On Saturday, Prime Minister Recep Tayyip Erdoğan urged the U.N. Security Council not to impose sanctions, warning that the Libyan people, rather than Gadhafi's government, would suffer most.

"The people are already struggling to find food, how will you feed the Libyan people?" Erdoğan asked in a televised speech in Ankara. "Sanctions, an intervention, would force the Libyan people, who are already up against hunger and violence, into a more desperate situation. We call on the international community to act with conscience, justice, laws and universal human values – not out of oil concerns."

Shortly later, the U.N. Security Council, voting 15-0, imposed an arms embargo and urged U.N. member countries to freeze the assets of Gadhafi, four of his sons and a daughter.

The council also backed a travel ban on the Gadhafi family and close associates, including leaders of the revolutionary committees accused of much of the violence against opponents, the Associated Press reported.

Why Turkey opposes sanctions

"Turkey has investments worth over $15 billion in Libya, and thousands of Turkish workers are still stranded in the country. That's why Ankara was very reluctant to join this international action," one Washington-based analyst familiar with the situation told the Hürriyet Daily News & Economic Review. "The business lobby's concerns have prevailed in determining the Turkish position. The Turkish businesses fear their lucrative contracts with the Gadhafi administration may turn into worthless pieces of paper if or when Gadhafi leaves."

In the first several days after the wave of regional uprisings reached Libya, the United States joined Turkey in pursuing an incremental response. At the time, American officials were concerned about the potential of an oil crisis and were scrambling to find out who might replace Gadhafi.

"But their current hardened position suggests that the Americans are now convinced that Gadhafi is a goner anyway," the Washington-based analyst said.

Even China, a Security Council permanent member with veto-wielding powers, voted for the sanctions resolution, although it is concerned about the global consequences of the protests in the Middle East and North Africa.

"The indiscriminate attacks by Gadhafi's thugs and African mercenaries on the Libyan people became the tipping point for the Security Council resolution," Bülent Aliriza, head of the Turkey Project and a Middle East expert at the Washington-based think tank the Center for Strategic and International Studies, told the Daily News.

Council members did not consider imposing a no-fly zone over Libya, and no U.N.-sanctioned military action was planned. NATO also has ruled out any intervention in Libya.

Before the Security Council resolution passed, Erdoğan and U.S. President Barack Obama discussed ways to respond to the Libyan crisis. "The president and the prime minister expressed their deep concern about the Libyan government's use of violence against its people, which is completely unacceptable, and discussed appropriate and effective ways for the international community to immediately respond," the White House said after the conversation late Friday. It made no mention of sanctions in the statement.

In addition to putting it at odds with much of the international community, Turkey's position on Libya also is in sharp contrast with how it dealt with the earlier crisis in Egypt. Turkish leaders were in line with their U.S. counterparts in calling for the exit of longtime Egyptian President Hosni Mubarak, with some analysts suggesting at the time that Mubarak's Egypt was a rival to Turkey's emerging leadership in the Middle East.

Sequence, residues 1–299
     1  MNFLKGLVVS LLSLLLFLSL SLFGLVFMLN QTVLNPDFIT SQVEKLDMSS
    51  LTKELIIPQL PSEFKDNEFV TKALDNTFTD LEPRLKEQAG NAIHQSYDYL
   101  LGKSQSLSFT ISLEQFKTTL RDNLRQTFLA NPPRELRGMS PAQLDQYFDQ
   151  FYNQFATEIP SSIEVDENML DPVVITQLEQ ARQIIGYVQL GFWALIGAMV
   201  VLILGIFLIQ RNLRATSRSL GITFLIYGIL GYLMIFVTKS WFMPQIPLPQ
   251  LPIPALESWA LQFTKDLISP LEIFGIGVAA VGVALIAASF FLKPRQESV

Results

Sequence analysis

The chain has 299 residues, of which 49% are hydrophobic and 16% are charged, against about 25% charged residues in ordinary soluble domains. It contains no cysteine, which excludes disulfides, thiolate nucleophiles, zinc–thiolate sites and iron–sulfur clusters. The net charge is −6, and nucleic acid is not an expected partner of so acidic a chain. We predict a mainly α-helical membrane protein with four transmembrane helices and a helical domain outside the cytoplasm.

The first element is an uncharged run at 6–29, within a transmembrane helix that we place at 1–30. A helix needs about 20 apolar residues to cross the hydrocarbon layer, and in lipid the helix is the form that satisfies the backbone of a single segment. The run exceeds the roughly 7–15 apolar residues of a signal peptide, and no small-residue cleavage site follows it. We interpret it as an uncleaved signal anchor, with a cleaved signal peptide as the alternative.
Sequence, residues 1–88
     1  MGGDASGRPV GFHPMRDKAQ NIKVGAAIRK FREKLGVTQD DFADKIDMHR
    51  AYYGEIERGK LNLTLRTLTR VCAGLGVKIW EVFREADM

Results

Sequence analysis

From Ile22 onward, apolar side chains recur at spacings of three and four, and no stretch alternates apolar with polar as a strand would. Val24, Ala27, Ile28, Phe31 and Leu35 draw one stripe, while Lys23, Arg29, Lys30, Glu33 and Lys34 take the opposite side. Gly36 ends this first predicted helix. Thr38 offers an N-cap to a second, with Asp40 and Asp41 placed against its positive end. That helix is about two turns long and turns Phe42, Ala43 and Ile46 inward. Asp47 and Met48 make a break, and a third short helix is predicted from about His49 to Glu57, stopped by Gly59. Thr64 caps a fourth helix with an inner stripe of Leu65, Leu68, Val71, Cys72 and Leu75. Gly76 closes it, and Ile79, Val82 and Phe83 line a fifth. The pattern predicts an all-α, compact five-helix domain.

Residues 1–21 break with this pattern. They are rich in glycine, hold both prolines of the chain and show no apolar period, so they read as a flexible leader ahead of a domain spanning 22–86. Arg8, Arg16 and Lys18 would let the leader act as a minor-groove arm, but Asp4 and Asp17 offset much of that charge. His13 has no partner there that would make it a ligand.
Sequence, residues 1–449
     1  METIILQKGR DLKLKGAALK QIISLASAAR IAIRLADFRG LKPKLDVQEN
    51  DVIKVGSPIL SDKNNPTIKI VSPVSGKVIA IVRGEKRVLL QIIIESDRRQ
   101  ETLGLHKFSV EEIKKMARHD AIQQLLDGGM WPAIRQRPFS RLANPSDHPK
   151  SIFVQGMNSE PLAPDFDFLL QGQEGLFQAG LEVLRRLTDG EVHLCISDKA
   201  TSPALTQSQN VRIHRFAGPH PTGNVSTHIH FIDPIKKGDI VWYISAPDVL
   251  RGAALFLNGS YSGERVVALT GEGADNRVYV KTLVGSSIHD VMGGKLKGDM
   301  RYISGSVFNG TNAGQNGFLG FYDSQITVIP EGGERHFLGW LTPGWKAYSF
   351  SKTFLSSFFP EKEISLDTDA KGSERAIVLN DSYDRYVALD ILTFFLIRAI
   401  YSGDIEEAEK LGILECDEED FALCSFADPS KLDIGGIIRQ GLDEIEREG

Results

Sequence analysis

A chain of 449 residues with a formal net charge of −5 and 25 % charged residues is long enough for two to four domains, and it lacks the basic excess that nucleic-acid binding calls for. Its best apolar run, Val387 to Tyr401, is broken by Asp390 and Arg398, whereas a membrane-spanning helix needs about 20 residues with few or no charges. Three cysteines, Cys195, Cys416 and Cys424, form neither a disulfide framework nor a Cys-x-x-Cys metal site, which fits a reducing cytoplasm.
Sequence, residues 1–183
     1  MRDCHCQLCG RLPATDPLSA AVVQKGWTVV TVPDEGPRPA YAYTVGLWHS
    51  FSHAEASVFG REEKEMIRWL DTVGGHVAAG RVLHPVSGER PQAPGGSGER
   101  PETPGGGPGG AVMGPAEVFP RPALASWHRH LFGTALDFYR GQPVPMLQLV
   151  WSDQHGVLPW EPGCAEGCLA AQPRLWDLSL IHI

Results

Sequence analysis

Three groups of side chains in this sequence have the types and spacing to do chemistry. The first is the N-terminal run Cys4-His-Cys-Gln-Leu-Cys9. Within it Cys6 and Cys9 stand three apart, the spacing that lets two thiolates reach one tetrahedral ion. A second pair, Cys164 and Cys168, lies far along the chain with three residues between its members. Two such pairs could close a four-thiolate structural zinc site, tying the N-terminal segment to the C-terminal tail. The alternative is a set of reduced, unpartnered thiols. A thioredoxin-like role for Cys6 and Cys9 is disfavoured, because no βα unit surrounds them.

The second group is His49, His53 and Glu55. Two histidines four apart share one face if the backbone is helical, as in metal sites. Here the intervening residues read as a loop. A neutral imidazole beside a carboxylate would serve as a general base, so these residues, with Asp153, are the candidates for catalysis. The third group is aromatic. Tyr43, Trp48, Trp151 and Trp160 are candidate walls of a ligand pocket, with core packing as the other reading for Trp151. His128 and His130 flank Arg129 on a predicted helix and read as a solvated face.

Turkey's regional stances have raised eyebrows in the West before, though. Last June, as a non-permanent member of the U.N. Security Council, Turkey voted against fresh sanctions on Iran over Tehran's controversial nuclear program.


Turkey's main pro-Kurdish party has announced it may back figures with alleged links to an outlawed terrorist group as it seeks to win at least 40 seats in Parliament.

"We will have candidates who are on trial in the KCK [Kurdish Communities Union] case. There are names that we support, and we are getting applications from them too," Peace and Democracy Party (BDP) co-chair Selahattin Demirtaş told the Hürriyet Daily News & Economic Review on Friday.

More than 150 people, including 12 elected mayors from the BDP, are on trial in the KCK case, accused of links to the group, the alleged urban wing of the outlawed Kurdistan Workers' Party (PKK).

Demirtaş also cautiously hinted that the BDP might consider nominating some figures from the Kandil Mountains in northern Iraq, where the outlawed PKK has camps.

"We are not enforcing any limitations. And we are not saying that they must be from there. If their legal circumstance permits it, we will consider their applications," he said.

Demirtaş added that the party has "not set aside a quota for those from Makhmour, Habur prison," referring to the Makhmour refugee camp in northern Iraq and the controversial group of returnees who entered Turkey through the Habur border gate in October 2009.

The BDP currently holds 20 seats in parliament, a figure Demirtaş said the party aims to double in the June general elections.

"Our goal is to double the number of our group and reach 40 deputies in parliament. This is a realistic goal for us," he said. "We can have four deputies from Istanbul. We will also have deputies from Adana, Mersin and İzmir for certain. We are also assertive in Bursa, Manisa, Aydın and Kocaeli."

Because the BDP has not met the 10 percent national election threshold for representation in parliament, the party will run in the elections with independent candidates. Ahmet Türk and Aysel Tuğluk, who were dropped as deputies last year, will return this year, according to Demirtaş. He said the ethnic identities of candidates are not important, and that the BDP treats everyone equally, whether Turkish or Armenian.

No alliance with CHP or MHP

Agreeing with observers who have said the BDP could play a key role in determining the composition of the next Parliament, Demirtaş implied a possible election alliance with the ruling Justice and Development Party. He ruled out, however, making one with either the main opposition Republican People's Party (CHP) or the Nationalist Movement Party (MHP).